by Stephen Lee
The Biden administration faces few easy answers in trying to undo a science transparency rule from the EPA that fundamentally changes how the agency approaches scientific studies.
The Strengthening Transparency in Regulatory Science (RIN:2080-AA14) rule, published Wednesday, limits the scientific studies the Environmental Protection Agency can use to guide regulations, restricting the use of research that can’t be reproduced or is based on underlying data that isn’t public…
To Steve Milloy, one of the architects of the rule and a former member of President Donald Trump’s EPA transition team, launching a new regulation isn’t necessary because the rule is “just internal agency guidance. It’s not really a regulation. This rule does not compel EPA to do anything.”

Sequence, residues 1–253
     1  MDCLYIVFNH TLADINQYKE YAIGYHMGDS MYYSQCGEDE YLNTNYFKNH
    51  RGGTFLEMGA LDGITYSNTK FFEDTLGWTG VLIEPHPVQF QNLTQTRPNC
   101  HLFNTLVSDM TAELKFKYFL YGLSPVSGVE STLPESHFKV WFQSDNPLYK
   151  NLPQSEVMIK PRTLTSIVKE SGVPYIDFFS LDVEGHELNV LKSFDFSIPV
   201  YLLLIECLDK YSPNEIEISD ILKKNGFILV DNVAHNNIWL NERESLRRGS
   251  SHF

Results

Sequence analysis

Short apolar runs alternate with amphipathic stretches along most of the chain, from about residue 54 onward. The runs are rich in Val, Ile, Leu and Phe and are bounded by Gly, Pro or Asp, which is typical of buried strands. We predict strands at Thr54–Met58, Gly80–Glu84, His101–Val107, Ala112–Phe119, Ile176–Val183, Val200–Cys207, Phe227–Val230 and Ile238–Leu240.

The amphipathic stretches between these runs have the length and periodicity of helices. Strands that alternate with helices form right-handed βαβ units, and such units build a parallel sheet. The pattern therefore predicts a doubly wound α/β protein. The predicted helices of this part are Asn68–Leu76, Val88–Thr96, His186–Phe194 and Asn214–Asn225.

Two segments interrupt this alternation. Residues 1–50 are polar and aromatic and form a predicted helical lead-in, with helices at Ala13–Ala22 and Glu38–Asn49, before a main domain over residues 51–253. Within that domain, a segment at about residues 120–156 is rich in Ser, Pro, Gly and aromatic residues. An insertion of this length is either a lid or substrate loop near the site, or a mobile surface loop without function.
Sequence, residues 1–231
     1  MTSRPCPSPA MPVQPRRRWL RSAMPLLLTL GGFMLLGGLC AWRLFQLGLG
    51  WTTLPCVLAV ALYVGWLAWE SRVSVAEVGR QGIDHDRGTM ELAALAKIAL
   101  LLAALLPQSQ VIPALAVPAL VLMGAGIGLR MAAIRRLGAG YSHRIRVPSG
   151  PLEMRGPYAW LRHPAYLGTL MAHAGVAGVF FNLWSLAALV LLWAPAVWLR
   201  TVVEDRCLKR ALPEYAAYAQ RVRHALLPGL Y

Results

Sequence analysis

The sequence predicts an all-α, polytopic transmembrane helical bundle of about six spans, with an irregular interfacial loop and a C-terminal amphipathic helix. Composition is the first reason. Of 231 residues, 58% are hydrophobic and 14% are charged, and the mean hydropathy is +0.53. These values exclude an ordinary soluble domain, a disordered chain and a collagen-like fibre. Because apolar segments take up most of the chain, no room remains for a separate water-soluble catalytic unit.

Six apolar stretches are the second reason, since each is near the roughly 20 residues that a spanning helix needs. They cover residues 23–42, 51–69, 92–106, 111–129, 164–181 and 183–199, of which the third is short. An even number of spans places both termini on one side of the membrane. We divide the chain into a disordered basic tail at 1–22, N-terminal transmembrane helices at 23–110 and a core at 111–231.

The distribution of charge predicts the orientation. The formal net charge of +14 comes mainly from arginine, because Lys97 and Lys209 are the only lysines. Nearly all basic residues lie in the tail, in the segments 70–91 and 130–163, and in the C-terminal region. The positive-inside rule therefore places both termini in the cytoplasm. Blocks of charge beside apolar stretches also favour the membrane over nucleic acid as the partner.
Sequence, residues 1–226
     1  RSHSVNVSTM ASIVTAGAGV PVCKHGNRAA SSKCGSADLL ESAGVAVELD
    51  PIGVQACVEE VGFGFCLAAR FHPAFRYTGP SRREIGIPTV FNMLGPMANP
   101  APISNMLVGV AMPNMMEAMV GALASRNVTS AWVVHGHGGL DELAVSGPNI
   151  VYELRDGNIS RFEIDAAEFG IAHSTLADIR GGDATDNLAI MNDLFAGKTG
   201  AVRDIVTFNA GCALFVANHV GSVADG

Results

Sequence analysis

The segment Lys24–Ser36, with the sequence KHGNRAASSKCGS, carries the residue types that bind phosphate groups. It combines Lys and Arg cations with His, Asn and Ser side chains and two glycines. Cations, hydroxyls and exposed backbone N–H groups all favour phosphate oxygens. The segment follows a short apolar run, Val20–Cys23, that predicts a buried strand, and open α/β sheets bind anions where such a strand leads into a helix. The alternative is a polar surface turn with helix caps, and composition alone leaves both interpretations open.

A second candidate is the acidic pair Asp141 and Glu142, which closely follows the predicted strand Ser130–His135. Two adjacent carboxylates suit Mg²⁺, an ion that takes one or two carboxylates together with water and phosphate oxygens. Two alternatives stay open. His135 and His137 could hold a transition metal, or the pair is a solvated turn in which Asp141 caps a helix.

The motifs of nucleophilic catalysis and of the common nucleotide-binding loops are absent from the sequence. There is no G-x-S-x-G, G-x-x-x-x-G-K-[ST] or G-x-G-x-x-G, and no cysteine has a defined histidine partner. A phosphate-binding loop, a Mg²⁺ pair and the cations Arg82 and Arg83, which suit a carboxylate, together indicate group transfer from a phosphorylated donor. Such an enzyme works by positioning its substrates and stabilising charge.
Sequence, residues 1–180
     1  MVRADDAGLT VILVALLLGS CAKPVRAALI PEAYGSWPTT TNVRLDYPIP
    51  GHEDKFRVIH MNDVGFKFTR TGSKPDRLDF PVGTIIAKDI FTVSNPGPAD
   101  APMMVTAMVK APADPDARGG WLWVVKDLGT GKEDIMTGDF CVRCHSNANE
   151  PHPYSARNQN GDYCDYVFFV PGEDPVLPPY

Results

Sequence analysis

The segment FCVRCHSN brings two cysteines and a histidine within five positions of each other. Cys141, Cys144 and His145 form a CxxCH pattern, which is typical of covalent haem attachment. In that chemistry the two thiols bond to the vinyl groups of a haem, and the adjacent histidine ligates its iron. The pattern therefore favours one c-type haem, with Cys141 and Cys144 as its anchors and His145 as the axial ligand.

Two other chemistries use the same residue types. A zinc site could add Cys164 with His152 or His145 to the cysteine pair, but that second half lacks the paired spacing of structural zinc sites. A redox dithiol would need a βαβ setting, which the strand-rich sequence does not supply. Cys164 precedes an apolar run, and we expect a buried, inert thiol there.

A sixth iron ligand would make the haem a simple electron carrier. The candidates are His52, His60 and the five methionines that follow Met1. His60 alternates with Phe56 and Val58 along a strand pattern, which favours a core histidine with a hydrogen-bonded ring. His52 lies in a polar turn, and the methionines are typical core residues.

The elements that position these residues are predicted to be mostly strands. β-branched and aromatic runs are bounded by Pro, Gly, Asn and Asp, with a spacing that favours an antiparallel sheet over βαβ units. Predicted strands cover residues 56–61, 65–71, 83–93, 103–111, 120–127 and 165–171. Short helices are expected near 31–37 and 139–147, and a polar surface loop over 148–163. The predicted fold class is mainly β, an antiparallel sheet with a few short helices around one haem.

Both Milloy and EPA Administrator Andrew Wheeler, who announced the rule on Tuesday, stressed it doesn’t preclude the agency from using pivotal studies if the underlying information isn’t publicly available, as long as an explanation is provided.
“If [the Biden administration] feels it’s necessary to dot the I’s and cross the T’s, they can do that, but I don’t see the need for it,” Milloy said. “The EPA administrator retains total discretion over everything. So why sweat it?”